The Biden administration appeared to make major changes to its new student loan relief plan after the initial plan was struck down by the U.S. Supreme Court earlier this year.
On Monday, the Department of Education (DOE) released a draft text that showed that the narrower plan would allow student debt forgiveness to apply only to specific groups of students rather than being a blanket rule that would cancel debt for some 45 million borrowers under the original plan.
The first student loan proposal, announced by President Joe Biden, would have promised up to $20,000 in debt relief for low- and middle-income individuals. The Supreme Court struck that down in June.
“President Biden and I are committed to helping borrowers who’ve been failed by our country’s broken and unaffordable student loan system,” Secretary of Education Miguel Cardona said in a statement about the proposal. “These draft proposals would build on the historic $127 billion in loan forgiveness the Biden-Harris Administration has already approved for nearly 3.6 million borrowers. We are fighting to ensure that student debt does not stand in the way of opportunity or prevent borrowers from realizing the benefits of their higher education.”
However, the DOE has yet to release the full details of the plan, saying that it wants to cancel some or all student debt for borrowers whose balances exceed what they originally owed; those who have loans that entered repayment 25 or more years ago; those who used loans to attend career-training programs that led to “unreasonable” debt loads or insufficient earnings; or those who are eligible for other loan forgiveness programs but did not apply.
A fifth group is also being discussed, or “those who are experiencing financial hardship that the current student loan system does not currently adequately address,” the DOE said.
The draft does not include details about how many borrowers would be impacted by the federal government’s latest plan. It also did not include details about how much it may cost.
The DOE stated it will continue to refine the proposal as it goes through a federal rulemaking process. The public will be able to provide written feedback next year. The draft proposal would give the department authority to wipe away federal student loans entirely for borrowers in some categories.
The Biden administration has canceled more than $120 billion in federal student loan debt via existing student loan forgiveness programs for specific individuals.
Previously, the president called for a plan to help “as many borrowers as possible,” but his administration seems to be moving away from the type of mass cancellation that he promised in August 2022. That plan was estimated to cost $400 billion. It’s unclear how much the second proposal will cost.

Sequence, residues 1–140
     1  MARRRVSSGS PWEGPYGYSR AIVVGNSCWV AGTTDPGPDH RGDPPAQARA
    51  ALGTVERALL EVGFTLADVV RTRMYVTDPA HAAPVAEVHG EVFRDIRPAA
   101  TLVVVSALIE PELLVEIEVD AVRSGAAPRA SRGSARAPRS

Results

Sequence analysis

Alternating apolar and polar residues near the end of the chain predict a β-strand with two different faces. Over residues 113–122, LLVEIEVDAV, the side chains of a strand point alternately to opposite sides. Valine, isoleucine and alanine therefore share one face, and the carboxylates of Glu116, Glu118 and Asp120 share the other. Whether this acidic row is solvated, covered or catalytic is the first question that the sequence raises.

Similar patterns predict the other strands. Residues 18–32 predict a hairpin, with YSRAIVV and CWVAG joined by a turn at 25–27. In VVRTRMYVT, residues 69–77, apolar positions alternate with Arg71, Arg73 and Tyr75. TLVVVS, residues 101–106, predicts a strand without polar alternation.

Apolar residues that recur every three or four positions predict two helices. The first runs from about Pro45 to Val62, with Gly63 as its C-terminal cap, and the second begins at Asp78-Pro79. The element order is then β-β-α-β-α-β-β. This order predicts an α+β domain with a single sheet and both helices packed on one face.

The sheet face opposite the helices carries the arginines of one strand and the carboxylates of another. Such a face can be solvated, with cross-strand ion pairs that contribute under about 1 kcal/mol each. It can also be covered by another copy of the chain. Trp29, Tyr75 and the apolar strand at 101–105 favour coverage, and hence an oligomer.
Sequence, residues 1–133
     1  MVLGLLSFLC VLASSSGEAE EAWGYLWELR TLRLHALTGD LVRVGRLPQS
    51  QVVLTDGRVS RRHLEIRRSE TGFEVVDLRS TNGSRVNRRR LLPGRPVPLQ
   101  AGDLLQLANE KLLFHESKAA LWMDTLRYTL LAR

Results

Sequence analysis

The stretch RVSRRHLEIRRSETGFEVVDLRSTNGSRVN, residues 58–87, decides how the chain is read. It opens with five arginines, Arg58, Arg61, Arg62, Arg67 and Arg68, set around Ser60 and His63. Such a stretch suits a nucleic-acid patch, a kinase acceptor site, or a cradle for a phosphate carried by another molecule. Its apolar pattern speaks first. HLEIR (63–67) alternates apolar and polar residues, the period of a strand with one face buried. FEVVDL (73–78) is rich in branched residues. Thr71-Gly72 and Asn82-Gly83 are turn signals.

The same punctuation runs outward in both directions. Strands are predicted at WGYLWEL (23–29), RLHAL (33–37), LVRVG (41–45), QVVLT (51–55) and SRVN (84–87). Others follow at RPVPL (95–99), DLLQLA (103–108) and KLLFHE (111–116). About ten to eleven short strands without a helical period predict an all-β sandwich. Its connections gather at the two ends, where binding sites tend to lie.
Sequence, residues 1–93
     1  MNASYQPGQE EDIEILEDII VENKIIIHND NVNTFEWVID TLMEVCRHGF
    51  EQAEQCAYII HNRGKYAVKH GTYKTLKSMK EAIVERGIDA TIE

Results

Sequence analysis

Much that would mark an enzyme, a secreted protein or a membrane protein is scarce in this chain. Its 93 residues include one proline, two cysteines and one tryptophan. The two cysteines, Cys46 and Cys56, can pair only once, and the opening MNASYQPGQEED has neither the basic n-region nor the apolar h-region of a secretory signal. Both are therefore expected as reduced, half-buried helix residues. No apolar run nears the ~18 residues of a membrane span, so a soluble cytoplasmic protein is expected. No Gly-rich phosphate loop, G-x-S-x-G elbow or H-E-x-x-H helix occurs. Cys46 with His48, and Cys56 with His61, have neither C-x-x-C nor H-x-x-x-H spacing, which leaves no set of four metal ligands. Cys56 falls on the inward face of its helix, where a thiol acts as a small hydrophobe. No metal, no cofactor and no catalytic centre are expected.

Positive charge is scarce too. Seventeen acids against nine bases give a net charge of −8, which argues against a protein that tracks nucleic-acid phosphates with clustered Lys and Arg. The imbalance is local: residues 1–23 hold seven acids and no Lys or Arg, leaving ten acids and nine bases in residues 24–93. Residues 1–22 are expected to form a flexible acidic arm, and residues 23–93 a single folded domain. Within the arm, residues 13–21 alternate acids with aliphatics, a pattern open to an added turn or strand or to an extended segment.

Federal student loan payments resumed in October for the first time since the start of the COVID-19 pandemic in March 2020 and amid the public health emergency that ended in May 2023. Some in the industry have warned of potential problems as understaffed loan servicers bring millions of borrowers back into repayment at the same time.
Opponents of the plan have described it as unfair to those who don’t need it or for those who have already repaid their loans, accusing the Biden administration of essentially buying the votes of college-age Americans. It also places an unfair burden on taxpayers who didn’t go to college, some have argued, while others have worried that it will give universities an incentive to increase tuition prices even more.
“Taxpayers just got sucker punched—again—by this administration,” said Rep. Virginia Foxx (R-N.C.) earlier this year, referring to an earlier version of the plan. “Today, President Biden announced that taxpayers will be forced to pay for the costliest regulation in our nation’s history.”
Supreme Court’s Ruling
In a 6–3 ruling against the original, $400 billion plan, the Supreme Court wrote that the administration overstepped its authority. What’s more, it also sidestepped Congress, the justices wrote.
“Six States sued, arguing that the HEROES Act does not authorize the loan cancellation plan. We agree,” Chief Justice John Roberts wrote for the majority. “The authority to ‘modify’ statutes and regulations allows the Secretary to make modest adjustments and additions to existing provisions, not transform them,” he also said.
The administration of President Biden, who campaigned on free community college during his 2020 presidential bid, had relied on a federal statute called the HEROES Act to propose the first plan, but the court ruled against it.
Justice Elena Kagan, meanwhile, wrote in a dissent that it is the Supreme Court that engaged in “overreach,” not the federal government. “The plaintiffs in this case are six States that have no personal stake in the Secretary’ loan forgiveness plan,” she said. “They are classic ideological plaintiffs: They think the plan a very bad idea, but they are no worse off because the Secretary differs.”